Dispelling Common Estate Planning Myths
June 29, 2022
Estate planning may sound like it’s only necessary for people who own large properties and multiple vehicles. However, that’s not the case. Estate planning is an important tool for anyone who wants to leave property to their loved ones or have control over their finances and medical care in unexpected scenarios.
It’s important to obtain your estate planning information from a trustworthy source. With over three decades of experience practicing law, I know the nuances of the estate planning process. I prioritize educating my clients on the different options that are available to help them establish plans to safeguard their assets and protect their loved ones in the future. My firm, David W. Walker Attorney At Law, is proud to represent clients in Columbia, Missouri, as well as Jefferson City, Fulton, Boonville, and the nearby areas.
Know what’s a myth – and what’s the truth – about the estate planning process. The following myths about estate planning are accompanied by an explanation as to why they’re false.
If I don’t have a will, then my family will decide who gets what.
You may think that if you do not leave a will behind, then your spouse or family members will automatically get to choose who will inherit property from your estate. However, in Missouri, that is not necessarily true.
Dying intestate, or dying without a will, means that the state will appoint a personal representative (more commonly known as an executor) who will determine how your property is passed on. Therefore, it’s not guaranteed that your family will decide who gets what after you pass away. Drafting a will is a key step to making sure that your wishes are honored.
I don’t have enough assets to need an estate plan.
It is a common myth that you only need an estate plan if you have many assets; however, that’s not necessarily true. An estate plan is important for many reasons, such as allowing you to appoint who will be the guardian of your minor children if you were to pass away unexpectedly.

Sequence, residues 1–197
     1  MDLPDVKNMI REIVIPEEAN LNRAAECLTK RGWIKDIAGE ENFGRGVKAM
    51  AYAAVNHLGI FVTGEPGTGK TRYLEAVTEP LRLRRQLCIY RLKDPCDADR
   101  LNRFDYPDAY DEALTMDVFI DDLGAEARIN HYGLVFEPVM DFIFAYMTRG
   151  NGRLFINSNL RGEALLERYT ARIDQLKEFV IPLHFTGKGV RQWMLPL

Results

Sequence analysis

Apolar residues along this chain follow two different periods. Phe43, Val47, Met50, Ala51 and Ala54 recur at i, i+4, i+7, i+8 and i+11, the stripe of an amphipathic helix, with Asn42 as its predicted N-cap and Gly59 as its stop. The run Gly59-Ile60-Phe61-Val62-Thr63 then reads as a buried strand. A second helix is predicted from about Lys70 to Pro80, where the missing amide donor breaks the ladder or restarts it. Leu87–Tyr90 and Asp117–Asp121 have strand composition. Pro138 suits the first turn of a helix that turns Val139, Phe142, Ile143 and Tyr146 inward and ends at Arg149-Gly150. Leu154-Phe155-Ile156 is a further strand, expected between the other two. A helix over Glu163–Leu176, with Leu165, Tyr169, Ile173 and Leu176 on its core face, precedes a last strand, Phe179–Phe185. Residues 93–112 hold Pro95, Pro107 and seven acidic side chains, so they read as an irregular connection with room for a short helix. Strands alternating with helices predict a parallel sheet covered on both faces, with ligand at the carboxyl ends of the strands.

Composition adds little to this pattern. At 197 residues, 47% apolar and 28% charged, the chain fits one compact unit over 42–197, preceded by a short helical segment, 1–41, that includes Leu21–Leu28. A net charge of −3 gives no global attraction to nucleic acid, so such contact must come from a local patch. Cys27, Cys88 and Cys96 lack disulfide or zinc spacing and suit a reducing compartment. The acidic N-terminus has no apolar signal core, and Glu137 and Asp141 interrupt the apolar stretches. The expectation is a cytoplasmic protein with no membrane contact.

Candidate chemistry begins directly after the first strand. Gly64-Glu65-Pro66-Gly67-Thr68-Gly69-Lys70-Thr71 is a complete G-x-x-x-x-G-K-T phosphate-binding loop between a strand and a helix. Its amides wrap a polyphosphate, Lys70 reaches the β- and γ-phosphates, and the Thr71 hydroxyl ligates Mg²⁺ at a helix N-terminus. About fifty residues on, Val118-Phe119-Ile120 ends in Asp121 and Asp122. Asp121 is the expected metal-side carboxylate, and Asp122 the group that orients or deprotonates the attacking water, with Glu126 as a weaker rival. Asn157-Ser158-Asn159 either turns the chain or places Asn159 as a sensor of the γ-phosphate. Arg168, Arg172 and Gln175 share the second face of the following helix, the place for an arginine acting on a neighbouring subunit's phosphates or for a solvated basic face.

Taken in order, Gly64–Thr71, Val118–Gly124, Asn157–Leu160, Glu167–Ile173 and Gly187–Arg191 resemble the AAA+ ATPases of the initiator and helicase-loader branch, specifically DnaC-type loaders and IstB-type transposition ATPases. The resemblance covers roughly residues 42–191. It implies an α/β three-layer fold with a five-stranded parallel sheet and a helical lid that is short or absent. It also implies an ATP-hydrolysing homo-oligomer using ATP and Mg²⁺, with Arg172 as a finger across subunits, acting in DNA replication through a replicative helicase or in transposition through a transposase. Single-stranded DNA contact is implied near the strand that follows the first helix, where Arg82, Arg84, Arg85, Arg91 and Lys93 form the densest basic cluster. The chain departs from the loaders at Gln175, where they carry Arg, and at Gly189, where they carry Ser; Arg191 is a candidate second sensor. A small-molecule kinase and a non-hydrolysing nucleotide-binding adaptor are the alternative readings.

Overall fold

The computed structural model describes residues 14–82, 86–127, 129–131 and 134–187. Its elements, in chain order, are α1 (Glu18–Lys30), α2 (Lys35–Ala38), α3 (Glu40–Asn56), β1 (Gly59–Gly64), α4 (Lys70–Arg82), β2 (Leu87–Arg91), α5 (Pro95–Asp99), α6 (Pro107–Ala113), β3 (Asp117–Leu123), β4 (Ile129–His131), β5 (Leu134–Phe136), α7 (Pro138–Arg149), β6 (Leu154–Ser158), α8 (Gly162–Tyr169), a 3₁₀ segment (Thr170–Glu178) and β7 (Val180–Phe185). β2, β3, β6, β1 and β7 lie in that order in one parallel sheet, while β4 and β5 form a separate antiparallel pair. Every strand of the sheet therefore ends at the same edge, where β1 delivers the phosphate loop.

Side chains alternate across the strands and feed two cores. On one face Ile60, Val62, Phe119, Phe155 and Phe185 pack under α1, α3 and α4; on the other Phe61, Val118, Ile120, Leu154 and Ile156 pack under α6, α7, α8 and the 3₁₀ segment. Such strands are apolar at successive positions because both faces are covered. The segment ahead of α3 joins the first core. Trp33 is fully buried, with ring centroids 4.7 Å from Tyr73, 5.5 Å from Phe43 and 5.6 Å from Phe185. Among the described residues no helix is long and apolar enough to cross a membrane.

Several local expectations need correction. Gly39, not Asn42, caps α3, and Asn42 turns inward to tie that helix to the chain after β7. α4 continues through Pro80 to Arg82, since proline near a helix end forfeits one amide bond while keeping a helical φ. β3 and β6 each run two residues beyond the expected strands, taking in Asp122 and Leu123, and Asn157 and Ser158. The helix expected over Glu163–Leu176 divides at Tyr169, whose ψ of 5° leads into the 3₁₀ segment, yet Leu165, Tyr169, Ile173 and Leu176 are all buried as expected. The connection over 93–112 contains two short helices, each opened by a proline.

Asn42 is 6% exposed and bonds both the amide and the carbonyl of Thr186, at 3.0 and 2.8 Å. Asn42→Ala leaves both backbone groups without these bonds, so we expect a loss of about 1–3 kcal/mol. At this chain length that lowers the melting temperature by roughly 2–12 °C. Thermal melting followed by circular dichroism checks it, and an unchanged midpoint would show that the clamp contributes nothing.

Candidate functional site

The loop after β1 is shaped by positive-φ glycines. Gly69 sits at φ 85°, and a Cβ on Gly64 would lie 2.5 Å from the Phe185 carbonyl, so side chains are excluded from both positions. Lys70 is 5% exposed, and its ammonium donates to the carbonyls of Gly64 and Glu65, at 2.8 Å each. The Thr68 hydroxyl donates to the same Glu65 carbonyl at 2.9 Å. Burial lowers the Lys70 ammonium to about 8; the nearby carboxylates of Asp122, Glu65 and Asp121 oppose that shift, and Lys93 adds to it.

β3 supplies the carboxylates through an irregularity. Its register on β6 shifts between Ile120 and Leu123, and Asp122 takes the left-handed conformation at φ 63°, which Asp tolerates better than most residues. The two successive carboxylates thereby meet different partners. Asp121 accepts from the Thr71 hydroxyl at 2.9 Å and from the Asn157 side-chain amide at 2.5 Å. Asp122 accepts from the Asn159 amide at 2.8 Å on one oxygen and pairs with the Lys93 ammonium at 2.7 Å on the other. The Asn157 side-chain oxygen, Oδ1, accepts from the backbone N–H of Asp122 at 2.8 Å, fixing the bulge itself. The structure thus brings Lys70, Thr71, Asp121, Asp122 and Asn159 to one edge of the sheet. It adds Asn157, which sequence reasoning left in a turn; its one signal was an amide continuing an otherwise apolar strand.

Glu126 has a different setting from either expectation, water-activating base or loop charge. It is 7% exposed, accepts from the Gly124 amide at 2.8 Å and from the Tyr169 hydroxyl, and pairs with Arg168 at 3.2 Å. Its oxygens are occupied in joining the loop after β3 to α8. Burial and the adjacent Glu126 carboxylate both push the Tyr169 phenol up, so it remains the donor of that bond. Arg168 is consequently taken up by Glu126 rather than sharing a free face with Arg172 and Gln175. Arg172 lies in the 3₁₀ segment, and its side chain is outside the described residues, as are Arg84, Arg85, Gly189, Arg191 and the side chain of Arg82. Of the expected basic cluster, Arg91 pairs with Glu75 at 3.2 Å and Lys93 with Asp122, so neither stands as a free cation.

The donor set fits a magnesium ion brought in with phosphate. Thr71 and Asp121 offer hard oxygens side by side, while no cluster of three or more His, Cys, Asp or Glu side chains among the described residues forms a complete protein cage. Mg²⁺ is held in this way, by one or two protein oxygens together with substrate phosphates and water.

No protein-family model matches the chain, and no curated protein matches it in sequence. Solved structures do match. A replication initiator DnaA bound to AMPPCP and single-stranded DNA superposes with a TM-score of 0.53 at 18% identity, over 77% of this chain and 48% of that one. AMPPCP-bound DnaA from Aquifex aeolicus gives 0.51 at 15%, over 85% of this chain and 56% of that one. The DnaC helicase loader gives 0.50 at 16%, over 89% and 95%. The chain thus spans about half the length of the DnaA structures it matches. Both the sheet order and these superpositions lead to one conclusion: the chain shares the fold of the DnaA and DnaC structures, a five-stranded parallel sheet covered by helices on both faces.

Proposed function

Similarly, an estate plan allows you to name who will make your medical decisions on your behalf if you suddenly became unable to make those decisions. Speak with an experienced estate planning attorney to learn more.
Using an online form is just as effective as hiring an attorney.
There are plenty of forms available online if you would like to make your estate plan yourself; however, a form isn’t guaranteed to hold up in a court of law. A form also can’t answer your questions or provide guidance about difficult decisions. By working with an experienced estate planning attorney, you can rest easy knowing that you are receiving credible information from your attorney who is on your side.
I created an estate plan years ago, so there’s nothing left to do.
Common misconceptions about estate planning may lead you to believe that once you create an estate plan, you never have to look at it again. However, that’s not the case because life often changes.
For example, you may divorce and remarry, have children, or adopt. Or, your financial situation may have significantly changed between when you initially were drafting a will and now. It’s important to revisit your estate plan after any significant life change.
If I have a will, my estate won’t have to go through probate.
All estates must go through the probate process. However, when you have a will or estate plan, probate will most likely end much more quickly than if you did not have a will. If you leave a will, your estate may finish with the probate process in as little as a few months.
I only need a will to establish an estate plan.
A will is a key part of your estate plan. Without a will, you have no control over who will receive what assets after you pass away. But, a will is not the only tool you should have in your estate plan. You may want to consider establishing a living trust if your assets are numerous. Creating a trust may be beneficial for your financial situation. Speak with an experienced estate planning attorney to learn more about creating a trust.
No matter what your current health situation is, including health care directives in your will is important. No one knows what the future will bring, so it is important to decide what type of care you would want to receive in emergency medical situations before they happen and not after when it’s too late.
You may also want to establish a financial power of attorney when you are setting up your will. This will allow you to appoint an individual to handle your finances if you were to become incapacitated.
Legal Guidance You Can Trust
The estate planning process can be complex, but it is important to have an estate plan to take care of your loved ones. With over 30 years of experience, I am confident that I can help you establish an estate plan that meets all your needs. My firm, David W. Walker Attorney At Law, is proud to represent clients in Columbia, Missouri, as well as Fulton, Jefferson City, and Boonville. Contact me today to schedule a free consultation.